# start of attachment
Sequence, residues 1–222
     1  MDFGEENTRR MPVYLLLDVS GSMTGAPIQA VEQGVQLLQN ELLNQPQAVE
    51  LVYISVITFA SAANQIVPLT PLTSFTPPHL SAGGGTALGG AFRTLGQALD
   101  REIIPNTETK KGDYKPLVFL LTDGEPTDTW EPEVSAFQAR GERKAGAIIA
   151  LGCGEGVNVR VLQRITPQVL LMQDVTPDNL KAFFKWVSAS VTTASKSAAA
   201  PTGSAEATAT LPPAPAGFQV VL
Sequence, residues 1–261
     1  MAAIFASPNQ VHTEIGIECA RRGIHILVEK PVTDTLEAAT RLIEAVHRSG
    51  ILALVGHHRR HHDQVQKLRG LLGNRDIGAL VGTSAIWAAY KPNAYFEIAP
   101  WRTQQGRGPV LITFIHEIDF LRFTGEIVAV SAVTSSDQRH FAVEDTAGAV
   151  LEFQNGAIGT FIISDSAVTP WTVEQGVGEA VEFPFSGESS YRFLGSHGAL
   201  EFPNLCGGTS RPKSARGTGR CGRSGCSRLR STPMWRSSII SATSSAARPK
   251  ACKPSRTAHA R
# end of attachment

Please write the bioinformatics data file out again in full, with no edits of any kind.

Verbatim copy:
Sequence, residues 1–222
     1  MDFGEENTRR MPVYLLLDVS GSMTGAPIQA VEQGVQLLQN ELLNQPQAVE
    51  LVYISVITFA SAANQIVPLT PLTSFTPPHL SAGGGTALGG AFRTLGQALD
   101  REIIPNTETK KGDYKPLVFL LTDGEPTDTW EPEVSAFQAR GERKAGAIIA
   151  LGCGEGVNVR VLQRITPQVL LMQDVTPDNL KAFFKWVSAS VTTASKSAAA
   201  PTGSAEATAT LPPAPAGFQV VL
Sequence, residues 1–261
     1  MAAIFASPNQ VHTEIGIECA RRGIHILVEK PVTDTLEAAT RLIEAVHRSG
    51  ILALVGHHRR HHDQVQKLRG LLGNRDIGAL VGTSAIWAAY KPNAYFEIAP
   101  WRTQQGRGPV LITFIHEIDF LRFTGEIVAV SAVTSSDQRH FAVEDTAGAV
   151  LEFQNGAIGT FIISDSAVTP WTVEQGVGEA VEFPFSGESS YRFLGSHGAL
   201  EFPNLCGGTS RPKSARGTGR CGRSGCSRLR STPMWRSSII SATSSAARPK
   251  ACKPSRTAHA R